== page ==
Automation is a concept that seems to be growing in importance for businesses and industries with each passing year.
The consequences of this trend have been particularly noticeable in work. As KPMG noted in its Rise of the Humans report series, the convergence of artificial intelligence, automation, machine learning and cognitive platforms 'has profoundly impacted the workforce'.
Looking at this trend from an HR perspective, managers will be thinking about how they can realise the benefits of automation without creating any negative consequences for the business and its employees.
With that in mind, here are some of the critical areas of HR where automation can prove particularly advantageous:
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Finding and hiring the people your organisation needs to succeed is one of the HR department's fundamental responsibilities. It can be time-consuming and challenging, particularly when facing obstacles like skills shortages and a need to hire staff quickly to meet urgent needs.
Automated tools can make a big difference by taking some of the more demanding parts of the hiring process off your hands, freeing up the human members of the HR team to focus on high-value tasks that require a personal touch.
Modern businesses have various tools and technologies to choose from that can help you optimise hiring through automation. Chatbots, for example, can take on a lot of the work involved in early applicant screening and managing large candidate pools.
One system offering chatbot functionality is Allyo, an AI-driven recruiting platform that can support various tasks and workflows, including candidate capture, screening, assessment and interview scheduling.
Randstad's video interviewing and digital assessment (VIDA) technology can also help optimise the selection and screening process, with features like virtual tests and in-depth evaluations to gauge candidate capability.
One part of the hiring process that can benefit from the efficiencies achievable through automation is reference checking. This is a vital stage of the recruitment process, where you want to ensure you're being thorough and making the right decisions without dedicating an unfeasible amount of time to the job.
When this task is done manually, it wastes your team's valuable time. If you cannot commit sufficient resources to the process, you risk hiring people who aren't suitable for the role or the company.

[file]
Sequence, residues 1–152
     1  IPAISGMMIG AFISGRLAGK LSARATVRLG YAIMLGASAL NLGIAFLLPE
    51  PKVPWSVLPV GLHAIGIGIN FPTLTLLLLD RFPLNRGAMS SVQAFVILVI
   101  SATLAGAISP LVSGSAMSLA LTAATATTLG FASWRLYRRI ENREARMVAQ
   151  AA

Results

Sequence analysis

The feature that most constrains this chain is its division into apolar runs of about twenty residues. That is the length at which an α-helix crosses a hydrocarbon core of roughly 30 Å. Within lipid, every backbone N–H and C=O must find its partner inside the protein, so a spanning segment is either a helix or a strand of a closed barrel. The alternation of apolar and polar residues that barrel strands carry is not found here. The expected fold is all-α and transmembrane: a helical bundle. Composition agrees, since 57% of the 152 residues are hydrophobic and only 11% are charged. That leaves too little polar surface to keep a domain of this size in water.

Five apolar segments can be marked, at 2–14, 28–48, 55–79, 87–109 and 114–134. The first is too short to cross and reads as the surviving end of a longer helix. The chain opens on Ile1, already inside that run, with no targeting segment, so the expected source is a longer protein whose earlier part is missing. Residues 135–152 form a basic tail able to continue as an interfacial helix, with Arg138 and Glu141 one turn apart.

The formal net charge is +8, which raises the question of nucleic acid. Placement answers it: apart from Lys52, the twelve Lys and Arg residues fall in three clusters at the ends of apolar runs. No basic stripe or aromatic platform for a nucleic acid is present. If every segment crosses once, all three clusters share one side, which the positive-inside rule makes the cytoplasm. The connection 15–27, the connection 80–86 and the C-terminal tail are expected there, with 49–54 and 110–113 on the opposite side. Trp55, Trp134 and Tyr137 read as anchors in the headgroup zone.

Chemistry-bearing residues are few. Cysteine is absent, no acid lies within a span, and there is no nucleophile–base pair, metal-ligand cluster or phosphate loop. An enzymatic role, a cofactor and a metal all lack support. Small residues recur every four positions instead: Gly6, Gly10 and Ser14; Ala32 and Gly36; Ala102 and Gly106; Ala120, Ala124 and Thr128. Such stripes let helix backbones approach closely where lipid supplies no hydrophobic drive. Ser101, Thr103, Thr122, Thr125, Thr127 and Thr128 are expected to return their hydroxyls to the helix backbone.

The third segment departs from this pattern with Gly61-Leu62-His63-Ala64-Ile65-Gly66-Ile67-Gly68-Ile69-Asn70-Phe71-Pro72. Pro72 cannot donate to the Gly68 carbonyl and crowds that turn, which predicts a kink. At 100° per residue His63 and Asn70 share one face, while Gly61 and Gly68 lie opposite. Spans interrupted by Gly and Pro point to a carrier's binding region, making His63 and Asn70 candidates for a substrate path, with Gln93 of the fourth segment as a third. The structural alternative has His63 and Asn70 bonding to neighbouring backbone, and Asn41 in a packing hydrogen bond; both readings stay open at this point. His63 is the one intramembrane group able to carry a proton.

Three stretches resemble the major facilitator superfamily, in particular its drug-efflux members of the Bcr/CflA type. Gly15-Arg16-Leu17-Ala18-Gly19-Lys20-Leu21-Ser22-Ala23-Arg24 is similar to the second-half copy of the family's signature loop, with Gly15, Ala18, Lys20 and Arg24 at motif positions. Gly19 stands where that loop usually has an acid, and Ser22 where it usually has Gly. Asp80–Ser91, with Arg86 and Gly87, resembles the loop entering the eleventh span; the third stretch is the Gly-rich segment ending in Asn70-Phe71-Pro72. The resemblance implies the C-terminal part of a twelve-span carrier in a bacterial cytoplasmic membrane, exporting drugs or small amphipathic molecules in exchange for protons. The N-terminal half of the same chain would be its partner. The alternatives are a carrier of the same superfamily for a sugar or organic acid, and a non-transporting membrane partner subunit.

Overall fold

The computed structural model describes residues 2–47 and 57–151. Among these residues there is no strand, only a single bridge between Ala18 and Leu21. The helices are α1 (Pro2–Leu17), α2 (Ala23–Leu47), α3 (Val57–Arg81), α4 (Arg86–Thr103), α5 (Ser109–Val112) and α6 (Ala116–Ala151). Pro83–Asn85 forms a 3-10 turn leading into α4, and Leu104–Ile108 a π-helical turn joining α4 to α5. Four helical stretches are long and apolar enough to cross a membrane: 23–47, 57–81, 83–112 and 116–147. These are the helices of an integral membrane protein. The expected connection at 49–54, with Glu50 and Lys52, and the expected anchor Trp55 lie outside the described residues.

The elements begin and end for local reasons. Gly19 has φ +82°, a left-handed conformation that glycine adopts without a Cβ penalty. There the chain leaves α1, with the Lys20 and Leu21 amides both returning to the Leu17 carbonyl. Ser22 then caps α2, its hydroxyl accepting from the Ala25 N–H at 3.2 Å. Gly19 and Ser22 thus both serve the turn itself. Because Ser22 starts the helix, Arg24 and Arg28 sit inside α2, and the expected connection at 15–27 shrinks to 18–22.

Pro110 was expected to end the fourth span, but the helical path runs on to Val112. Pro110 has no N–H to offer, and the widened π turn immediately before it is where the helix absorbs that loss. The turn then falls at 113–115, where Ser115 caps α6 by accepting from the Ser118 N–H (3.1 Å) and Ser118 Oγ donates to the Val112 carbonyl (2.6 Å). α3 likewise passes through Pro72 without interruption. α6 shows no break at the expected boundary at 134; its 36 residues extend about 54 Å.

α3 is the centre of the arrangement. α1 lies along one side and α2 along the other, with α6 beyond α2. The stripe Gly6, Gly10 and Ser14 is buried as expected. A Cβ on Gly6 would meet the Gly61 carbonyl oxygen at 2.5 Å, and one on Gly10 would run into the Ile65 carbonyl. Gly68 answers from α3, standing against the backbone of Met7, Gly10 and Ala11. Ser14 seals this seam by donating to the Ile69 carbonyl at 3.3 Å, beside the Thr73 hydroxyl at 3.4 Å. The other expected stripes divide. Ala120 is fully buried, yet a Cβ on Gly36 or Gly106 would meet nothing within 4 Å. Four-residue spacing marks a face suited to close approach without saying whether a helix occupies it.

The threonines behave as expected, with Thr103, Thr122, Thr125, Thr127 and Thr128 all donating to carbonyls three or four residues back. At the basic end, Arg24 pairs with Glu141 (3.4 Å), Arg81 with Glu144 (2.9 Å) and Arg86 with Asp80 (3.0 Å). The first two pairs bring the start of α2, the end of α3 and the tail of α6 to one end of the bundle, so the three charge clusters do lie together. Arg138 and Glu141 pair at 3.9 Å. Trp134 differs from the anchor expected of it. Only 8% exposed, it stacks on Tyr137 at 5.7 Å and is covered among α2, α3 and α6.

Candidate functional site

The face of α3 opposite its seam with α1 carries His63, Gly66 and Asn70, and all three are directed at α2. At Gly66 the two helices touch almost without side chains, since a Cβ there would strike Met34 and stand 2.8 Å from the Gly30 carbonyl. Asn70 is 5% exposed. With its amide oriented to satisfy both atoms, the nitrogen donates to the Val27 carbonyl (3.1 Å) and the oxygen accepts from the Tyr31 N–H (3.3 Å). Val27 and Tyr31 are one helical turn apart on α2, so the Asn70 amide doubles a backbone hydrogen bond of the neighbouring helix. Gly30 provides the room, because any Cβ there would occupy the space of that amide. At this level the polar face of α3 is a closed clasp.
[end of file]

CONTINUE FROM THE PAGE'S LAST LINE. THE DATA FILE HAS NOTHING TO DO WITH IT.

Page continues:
This is a clear example of how automation can benefit a business - by making a critical process quicker, more efficient and more reliable.
Again, there are software solutions entirely dedicated to this aspect of HR. Checkster, for instance, utilises concepts like collective intelligence to enable better talent decisions.
Optimising your onboarding process can deliver a range of benefits for the business and your workforce.
If you do an excellent job of bringing recruits into the business, you can expect to see advantages like:
- Strong engagement from the start
- Reduced staff turnover
- Positive workplace relationships
- Better performance and productivity
Onboarding is a magic moment when new employees decide to stay engaged or become disengaged. It offers an imprinting window when you can make an impression that stays with new employees for the duration of their careers.
Incorporating automation into this aspect of your HR function means you don't have to worry so much about the various administrative tasks and paperwork involved, so you can focus on the human element of helping new hires settle in.
This puts you in a better position to avoid some of the most common onboarding mistakes.
workforce analytics and scheduling.
One of the most common challenges HR managers face today is collecting, managing and analysing large amounts of workforce data.
If you can do this effectively, you can gain valuable insights into your human resources, how they're deployed and where you might be able to make changes to deliver improvements.
When you're faced with complicated data sets, getting to grips with the information isn't necessarily easy.
Workforce shaping is a new discipline for HR and one that includes key skill sets that HR is often not well-versed in, such as being evidence-based, using insights and analytics, and seeing organisations as complex systems.
Research by Gartner has shown that 69% of a manager's time is typically taken up by activities that could be handled by technology.
The firm offered the example of expense reports, which could be looked after by expense management systems, and in-the-moment coaching, which could be replaced by real-time chatbot interventions.
There are many other examples of routine tasks that could be automated, such as:
- Timesheet approvals
- Handling leave requests
- Updating employee records
- Scheduling training
With technologies in place to look after jobs like these, you'll have more time to concentrate on the human side of HR.
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